The Writing Craft – Talking about POV
This week on the blog, I thought I’d discuss points of view (POV). This is probably one of Obi Wan Kenobi’s most famous quotes, talking to Luke Skywalker about *that* particular spoiler. It’s a fascinating example of how much storytelling can differ, depending on who is telling it.
So, what are the different types of POV and how might you decide which POV is best for telling your story?
1. First person POV
This is one of the most common narrative points of view, using the ‘I’ pronoun as the narrator tells their story. The reader is inside the narrator’s mind and the narration is typically contained to their thoughts, experiences and reactions to what is going on around them.
The narrator is typically the main character, e.g Jane Eyre by Charlotte Bronte. However, this is not always the case. For example, in The Great Gatsby by F. Scott Fitzgerald, although the novel is narrated by Nick Carraway, Gatsby is the protagonist.
The great advantage of first person POV is it really lets you into the narrator’s mind and you get to know that character’s motivations, providing a unique insight. It also gives the potential for exciting plot twists, if an event has happened differently to how the narrator has described it, as the reader is limited by the way the narrator perceives reality.
2. Second Person POV
In second person POV, the narrator is addressing the reader directly, done using the ‘you’ pronouns. They draw you into the world of the book by assuming you, too, are a person within the world of the novel.
Second person POV may be used occasionally within the first person POV, especially if the narrator is recording their thoughts like a diary or letter For example: “I told you, dear reader, how I went to the restaurant last Saturday. What I did not tell you, though, was..”
Although second person POV can be used in poetry or short stories, it is far less common used in novels. The most well-known example is probably Bright Lights, Big City by Jay McInerney in 1984.
The advantage of second person POV is its unique ability to make the reader a character in the story. For example in a murder mystery, ‘you’ might well be a guest at the dinner party. Perhaps the narrator might even accuse ‘you’ of hiding something, or even being a murderer.
Of course, the main reason second person POV is so rare in novels is because it is extremely difficult to use that narrative devise for so long. Using the ‘you’ pronouns has a high chance of being repetitive and confusing. The reader also may really not like their character, as the narrator is telling them who they are and the kinds of decisions they might make.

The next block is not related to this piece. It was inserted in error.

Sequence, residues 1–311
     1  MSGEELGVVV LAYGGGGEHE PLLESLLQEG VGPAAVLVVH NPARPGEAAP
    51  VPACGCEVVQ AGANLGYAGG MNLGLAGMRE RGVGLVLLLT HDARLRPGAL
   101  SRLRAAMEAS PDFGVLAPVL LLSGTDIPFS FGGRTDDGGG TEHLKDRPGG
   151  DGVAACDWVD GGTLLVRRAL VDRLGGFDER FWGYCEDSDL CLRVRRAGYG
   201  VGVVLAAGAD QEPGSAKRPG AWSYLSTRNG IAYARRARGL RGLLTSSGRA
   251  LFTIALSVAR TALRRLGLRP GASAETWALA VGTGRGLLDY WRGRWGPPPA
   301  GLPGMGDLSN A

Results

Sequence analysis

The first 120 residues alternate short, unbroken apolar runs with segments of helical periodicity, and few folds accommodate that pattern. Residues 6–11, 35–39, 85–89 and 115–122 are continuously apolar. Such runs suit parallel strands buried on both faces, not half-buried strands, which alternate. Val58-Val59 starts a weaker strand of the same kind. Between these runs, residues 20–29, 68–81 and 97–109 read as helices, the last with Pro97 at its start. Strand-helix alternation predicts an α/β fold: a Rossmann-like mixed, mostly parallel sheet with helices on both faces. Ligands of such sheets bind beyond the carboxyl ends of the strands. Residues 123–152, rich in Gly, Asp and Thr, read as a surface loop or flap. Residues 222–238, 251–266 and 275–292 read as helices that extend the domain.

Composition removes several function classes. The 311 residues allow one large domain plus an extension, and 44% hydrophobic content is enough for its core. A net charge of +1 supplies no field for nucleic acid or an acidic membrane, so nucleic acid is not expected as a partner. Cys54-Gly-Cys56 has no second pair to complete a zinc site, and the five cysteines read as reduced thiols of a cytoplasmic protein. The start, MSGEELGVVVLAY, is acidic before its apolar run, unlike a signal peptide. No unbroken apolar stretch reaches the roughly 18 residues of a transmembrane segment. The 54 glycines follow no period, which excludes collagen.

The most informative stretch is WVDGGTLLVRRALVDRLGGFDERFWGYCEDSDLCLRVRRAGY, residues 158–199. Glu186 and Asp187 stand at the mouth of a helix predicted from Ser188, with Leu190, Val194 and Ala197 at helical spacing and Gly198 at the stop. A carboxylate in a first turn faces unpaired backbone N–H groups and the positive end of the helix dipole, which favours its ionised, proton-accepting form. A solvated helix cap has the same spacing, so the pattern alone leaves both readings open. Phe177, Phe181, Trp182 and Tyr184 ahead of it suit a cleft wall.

3. Third person POV
Along with first person POV, Third person is one of the most common narrative devices. Third person narration tells the story from a particular charater, but the reader is not inside the character’s mind, using pronouns such as ‘he’, ‘she’, ‘they’ or ‘it’. Third person has the advantage of knowing a character or characters quite well, but also being able to see the situation outside of the characters.
There’s also a distinction within 3rd person POV:
Third person omniscient
As you might guess from its title, third person omniscient is where the narrator is all-knowing. In this device the narrator has a bird’s eye view of t least some things outside of what the main character would know. They might be able to tell you where other characters are who might be very far from the main character. For example, “while Bob was busy at the party, he didn’t know that Sarah was already at the lake.”
The narrator is also free to tell the reader what the other characters were thinking, e.g. “Bob didn’t realise that Sarah was thinking of leaving”. A classic example of third person omniscient would be Pride and Prejudice by Jane Austen, where the narrator tells the reader the thoughts and reactions of both Elizabeth Bennet and Darcy.
Third person limited
If third person omniscient is where the narrator is all-knowing, then third person limited is when the narrator is bound to the thoughts and feelings of a particular character. In this way it can feel fairly similar to first person POV. The reader is only seeing the world as perceived by the character. E.g. ‘Fred’s eyes narrowed, but Sally couldn’t understand what she had done.” A classic example of this would be 1984 by George Orwell.
So, that’s a brief look at the different POV the writer can choose to tell their story. How do you decide? Well, that’s up to you and what is best for your story. Perhaps write a couple of scenes experimenting with different POV and see how it feels.
It might well depend on the genre and the style you are going for. For example my historical fiction novels, ‘The Boy from the Snow’ and ‘The Veiled Wolf’ are both set in 1st person POV, whereas Lottie’s Locket is set in 3rd person limited. (PS sign up to my newsletter here or below to claim your free preview of Lottie’s Locket!)
One other thing is that your POV could switch between characters. For example, I thought the fourth in my historical fiction novels (which I’ve only just started writing) would be told solely from the point of view of Imogen, a character in my 2nd and 3rd novels. However, it seems I’m not done telling Daniel’s story yet, as I’m now thinking I will split the 1st POV between Daniel and Imogen. Of course ‘head hopping’ needs to be done carefully and not too often, so not to confuse the reader. Ultimately, who tells your story is up to you.
Till next time, Maria 🙂